In order for ICANN’s international, bottom-up, multi-stakeholder model to operate effectively, frameworks and mechanisms for accountability and transparency were built into ICANN and have been improved upon over time. The Board of Directors, community and staff have an impressive record of accountability and transparency. Equally impressive is our shared commitment to build on these achievements and set a new standard for transparency and accountability.
This commitment is demonstrated in a multitude of ways throughout our organization. To advance the Board’s transparency and accountability, for example, a public wiki was launched in December to track and document action on every Board resolution, and briefing materials for Board meetings have been publicly posted for nearly a year, along with their meeting minutes and resolutions. The rationale for each new resolution was recently added to this public archive.
In many ways, the ICANN community has been at the forefront of increasing transparency and accountability in its operations. The detailed information and resources available through the Supporting Organizations’ and Advisory Committees’ websites, for example, are continually enhanced to encourage participation and publicly document their activities and decisions.
Since joining ICANN a year and a half ago, I’ve raised the bar for public reporting of staff activities and information. For example, our metrics “dashboard” provides the public with detailed information on internal operations, including performance indicators in areas such as Registrant Protection, Global Participation, Finance and IDNs, to name but a few.
Our accountability to the global community was permanently reinforced in September 2009 when I signed, on behalf of ICANN, the Affirmation of Commitments with the U.S. Department of Commerce. It affirms ICANN’s independence and commitment to making decisions in the public interest that are accountable and transparent. The Affirmation also commits ICANN to reviews performed by the community — including the recently completed Accountability and Transparency review. A more exhaustive list of ICANN activities that contribute to accountability and transparency and support the Affirmation’s objectives can be found on our website. We intend to fulfill, and where possible exceed, our obligations under the Affirmation.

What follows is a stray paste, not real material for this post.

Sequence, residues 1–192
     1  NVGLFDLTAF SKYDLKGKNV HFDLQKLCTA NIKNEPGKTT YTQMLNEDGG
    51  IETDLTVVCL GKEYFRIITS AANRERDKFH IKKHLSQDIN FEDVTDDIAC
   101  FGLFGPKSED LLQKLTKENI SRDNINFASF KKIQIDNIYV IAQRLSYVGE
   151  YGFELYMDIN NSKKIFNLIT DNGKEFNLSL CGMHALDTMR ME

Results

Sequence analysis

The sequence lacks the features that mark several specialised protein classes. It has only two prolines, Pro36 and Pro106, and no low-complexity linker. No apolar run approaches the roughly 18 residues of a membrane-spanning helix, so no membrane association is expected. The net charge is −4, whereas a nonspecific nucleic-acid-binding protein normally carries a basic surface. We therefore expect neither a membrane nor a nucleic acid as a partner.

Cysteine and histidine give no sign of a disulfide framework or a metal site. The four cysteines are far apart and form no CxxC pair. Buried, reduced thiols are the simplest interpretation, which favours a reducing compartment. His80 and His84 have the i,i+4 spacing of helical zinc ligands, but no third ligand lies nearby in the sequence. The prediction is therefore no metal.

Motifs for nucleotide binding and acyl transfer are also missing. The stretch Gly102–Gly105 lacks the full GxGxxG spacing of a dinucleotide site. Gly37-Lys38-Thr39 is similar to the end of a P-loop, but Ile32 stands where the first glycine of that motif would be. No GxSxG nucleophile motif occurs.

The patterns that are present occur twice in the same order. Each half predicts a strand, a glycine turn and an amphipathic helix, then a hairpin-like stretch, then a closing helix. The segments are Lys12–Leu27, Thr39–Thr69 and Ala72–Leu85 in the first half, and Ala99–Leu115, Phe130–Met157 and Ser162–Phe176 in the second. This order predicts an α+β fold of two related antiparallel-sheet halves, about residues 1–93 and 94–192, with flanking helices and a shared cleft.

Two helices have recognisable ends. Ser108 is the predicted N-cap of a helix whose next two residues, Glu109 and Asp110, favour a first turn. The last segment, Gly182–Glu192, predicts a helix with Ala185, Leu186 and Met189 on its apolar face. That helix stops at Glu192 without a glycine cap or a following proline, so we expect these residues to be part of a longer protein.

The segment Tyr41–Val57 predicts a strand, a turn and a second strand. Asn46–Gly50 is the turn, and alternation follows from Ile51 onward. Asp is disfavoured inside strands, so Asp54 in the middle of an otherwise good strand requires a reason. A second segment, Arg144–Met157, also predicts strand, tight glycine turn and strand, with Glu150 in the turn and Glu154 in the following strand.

The Accountability and Transparency Review Team (ATRT) was charged with assessing ICANN’s execution of its transparency and accountability commitments and examining its ability to continually assess and improve specific aspects that support these objectives. After a nine-month consultative process, the ATRT issued for public input and Board consideration 27 recommendations to improve ICANN (PDF, 2.54 MB). The recommendations focus on four areas — the Board (including the Nominating Committee’s selection processes), the Governmental Advisory Committee, public input and policy development, and review mechanisms for Board decisions — but have broad implications for ICANN and its organizations and stakeholders. Some recommendations relate to operations that staff is in the process of changing (and the ATRT has provided useful guidance for this work). Some recommendations require allocation of new resources, and several involve decisions and actions by the Board and/or other groups.
Although several of these recommendations have proposed implementation deadlines in March and June 2011, the ATRT report is still out for public comment. The Affirmation requires Board action on the recommendations within six months of the report’s release (the end of June 2011). At its meeting last month, the Board passed a resolution thanking the ATRT members for their hard work, and encouraging the public, Supporting Organizations and Advisory Committees, and the Nominating Committee to comment on the recommendations. They also asked staff to provide the Board with a proposal for Board action on each recommendation and where practicable, initial work plans and budgets for the recommendations. This is being prepared for the Board’s March meeting, along with a status report on ATRT implementation work.
In keeping with the Board’s directive and our commitment under the Affirmation to assess the impact of ICANN’s actions on the public interest (including financial and DNS impacts), staff is conducting financial analysis, analysis of the skills and resources needed and a general assessment of our ability to implement the recommendations. Although acting upon most of the draft recommendations is the responsibility of the Board, the Nominating Committee, the Governmental Advisory Committee and Supporting Organizations and Advisory Committees, staff resources and budget will be required. ICANN’s draft fiscal year 2012 budget is under consideration and, ultimately, the Board will determine which ATRT recommendations to incorporate in the operating plan and budget.
We look forward to receiving community input on the ATRT recommendations (due 14 February) and hope that it will assist our staff and Board to perform the required analyses within the timescale provided under the Affirmation.